Important recent FTT ruling for SME R&D tax claimants

FTT rules taxpayer can claim SME R&D tax relief where R&D required to deliver products / services it has already contracted to deliver to customers.

FTT rules taxpayer can claim SME R&D tax relief where R&D required to deliver products....

This First-tier Tribunal (FTT) case, Quinn (London) Limited v HMRC, addressed one of the specific conditions required to be met for the more generous small or medium-sized enterprise (SME) research and development (R&D) tax relief. The condition is that the R&D expenditure should not be subsidised by another party. The relevant legislation is Section 1138 (1) (c) CTA 2009. This is a very important case for SMEs who contract with clients to deliver products and services, and R&D is required to be undertaken to deliver the products and services.

The FTT found in favour of the taxpayer, Quinn, a construction company that delivers construction services to its customers. This will be welcome news to many SMEs who contract with clients to deliver products or services where R&D is required to produce them.

HMRC argued that where a taxpayer contracts with a client before or at the time of the R&D activity then the R&D is being subsidised indirectly by the client. Under the HMRC interpretation, an SME that performs R&D to produce a product in January, then contracts with a customer to sell the product arising from that R&D in April may claim the SME tax relief. Whereas an SME that contracts with a customer in January to sell a product and then undertakes R&D to develop the product it has contracted to sell cannot claim under the SME relief as the R&D expenditure has been directly or indirectly met by the customer.

The taxpayer argued that the payments received are a commercial return for the product itself and do not amount to a subsidy that directly or indirectly meets the R&D expenditure. Regardless of how the price is measured, the taxpayer successfully argued that the payments are for the value of the products or services exchanged for a commercial price.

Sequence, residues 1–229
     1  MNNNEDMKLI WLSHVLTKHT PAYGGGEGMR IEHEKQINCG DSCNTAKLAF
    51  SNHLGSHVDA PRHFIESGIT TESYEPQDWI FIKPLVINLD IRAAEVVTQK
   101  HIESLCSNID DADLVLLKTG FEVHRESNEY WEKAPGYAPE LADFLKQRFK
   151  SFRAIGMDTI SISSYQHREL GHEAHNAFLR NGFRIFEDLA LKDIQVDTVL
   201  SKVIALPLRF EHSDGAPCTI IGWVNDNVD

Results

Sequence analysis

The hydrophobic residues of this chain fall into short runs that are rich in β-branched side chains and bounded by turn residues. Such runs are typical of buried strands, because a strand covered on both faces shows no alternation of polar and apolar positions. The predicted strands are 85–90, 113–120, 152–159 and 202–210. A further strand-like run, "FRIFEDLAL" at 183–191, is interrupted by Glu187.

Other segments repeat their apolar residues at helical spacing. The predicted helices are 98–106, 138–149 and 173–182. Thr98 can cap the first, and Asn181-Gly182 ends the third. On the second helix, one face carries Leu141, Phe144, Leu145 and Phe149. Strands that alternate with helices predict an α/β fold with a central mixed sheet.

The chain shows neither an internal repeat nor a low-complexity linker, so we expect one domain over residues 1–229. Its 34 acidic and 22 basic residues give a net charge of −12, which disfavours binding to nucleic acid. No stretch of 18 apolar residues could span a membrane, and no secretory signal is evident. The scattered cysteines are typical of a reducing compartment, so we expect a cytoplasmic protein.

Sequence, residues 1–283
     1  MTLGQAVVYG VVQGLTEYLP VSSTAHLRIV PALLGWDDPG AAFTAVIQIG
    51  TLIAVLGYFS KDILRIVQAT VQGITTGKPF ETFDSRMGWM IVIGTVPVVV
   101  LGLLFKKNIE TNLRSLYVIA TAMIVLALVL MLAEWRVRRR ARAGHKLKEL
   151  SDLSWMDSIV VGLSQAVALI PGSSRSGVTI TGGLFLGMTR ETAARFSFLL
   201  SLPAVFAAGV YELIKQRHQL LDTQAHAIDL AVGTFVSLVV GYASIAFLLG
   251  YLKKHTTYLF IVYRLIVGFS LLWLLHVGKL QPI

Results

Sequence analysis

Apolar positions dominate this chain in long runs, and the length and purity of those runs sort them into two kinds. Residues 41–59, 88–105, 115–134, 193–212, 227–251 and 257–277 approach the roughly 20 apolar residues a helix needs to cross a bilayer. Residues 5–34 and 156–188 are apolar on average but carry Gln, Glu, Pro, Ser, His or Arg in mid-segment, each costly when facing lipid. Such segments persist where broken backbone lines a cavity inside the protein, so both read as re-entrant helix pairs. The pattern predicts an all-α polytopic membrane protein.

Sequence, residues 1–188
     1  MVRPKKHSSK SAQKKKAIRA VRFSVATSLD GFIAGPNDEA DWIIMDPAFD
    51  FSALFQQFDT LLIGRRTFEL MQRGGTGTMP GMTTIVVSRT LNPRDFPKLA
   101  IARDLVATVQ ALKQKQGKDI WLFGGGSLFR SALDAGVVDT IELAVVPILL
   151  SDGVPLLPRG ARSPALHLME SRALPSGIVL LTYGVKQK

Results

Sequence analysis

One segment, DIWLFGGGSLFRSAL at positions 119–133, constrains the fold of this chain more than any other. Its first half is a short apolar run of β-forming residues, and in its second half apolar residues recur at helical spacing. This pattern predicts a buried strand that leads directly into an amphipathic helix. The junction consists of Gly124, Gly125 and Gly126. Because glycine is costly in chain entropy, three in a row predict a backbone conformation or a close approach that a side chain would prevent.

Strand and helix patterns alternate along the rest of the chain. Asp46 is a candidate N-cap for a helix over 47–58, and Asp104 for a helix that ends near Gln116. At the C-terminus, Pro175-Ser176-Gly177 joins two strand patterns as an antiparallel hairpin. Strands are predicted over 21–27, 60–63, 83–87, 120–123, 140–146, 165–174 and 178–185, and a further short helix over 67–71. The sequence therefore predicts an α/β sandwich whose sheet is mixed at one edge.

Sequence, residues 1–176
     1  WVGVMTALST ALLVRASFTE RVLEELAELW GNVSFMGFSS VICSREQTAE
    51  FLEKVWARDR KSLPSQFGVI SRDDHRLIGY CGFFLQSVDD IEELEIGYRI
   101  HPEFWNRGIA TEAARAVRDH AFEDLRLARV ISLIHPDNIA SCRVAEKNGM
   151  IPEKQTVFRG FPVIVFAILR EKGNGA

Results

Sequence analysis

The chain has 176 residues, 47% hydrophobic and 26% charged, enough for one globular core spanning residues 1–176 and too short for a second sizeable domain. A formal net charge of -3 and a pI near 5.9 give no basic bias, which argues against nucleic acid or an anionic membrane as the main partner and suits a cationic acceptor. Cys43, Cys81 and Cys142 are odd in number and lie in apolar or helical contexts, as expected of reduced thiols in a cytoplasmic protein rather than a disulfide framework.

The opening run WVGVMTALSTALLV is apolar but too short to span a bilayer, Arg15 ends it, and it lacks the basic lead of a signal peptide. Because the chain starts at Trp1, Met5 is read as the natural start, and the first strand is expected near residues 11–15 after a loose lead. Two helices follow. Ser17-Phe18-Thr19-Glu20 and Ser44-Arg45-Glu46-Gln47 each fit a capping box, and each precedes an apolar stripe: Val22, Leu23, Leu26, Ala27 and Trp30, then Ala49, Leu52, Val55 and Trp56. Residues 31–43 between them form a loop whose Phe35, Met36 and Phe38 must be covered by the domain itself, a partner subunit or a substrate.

The FTT ruling found in favour of the taxpayer’s arguments and agreed that in order for expenditure to have been met, the third party (the customer in this case) must either directly meet the payment to the creditor or indirectly reimburse the taxpayer, and the payments must have a clear and direct link to the R&D expenditure.

This case at face value appears to be a very different outcome to the recent FTT case Hadee Engineering Co v HMRC that HMRC won and involved the same statutory condition for SME relief. However, Hadee can be distinguished as what limited evidence was produced by the taxpayer in that case suggested there was a direct link between design hours and the amounts paid by the customer and therefore it did amount to subsidised expenditure. It was noted by the Tribunal Judge in Quinn that Hadee was of limited value due to the absence of clear evidence of what contractual arrangements existed and because legal precedent of similarly worded legislation in different areas of tax was not cited to the Tribunal in that case.

In conclusion, whilst the FTT judgment does not set legal precedent it does provide some clear and persuasive logic to how the subsidised condition should apply and will be very welcomed by many SMEs. . Unfortunately, there was no consideration of the contracted out provisions for SMEs that were addressed in Hadee, which would also benefit from a more detailed case for judgment. This decision is an important one for SMEs that perform R&D to deliver commercial products and services that have been contracted for at the time of the R&D activity.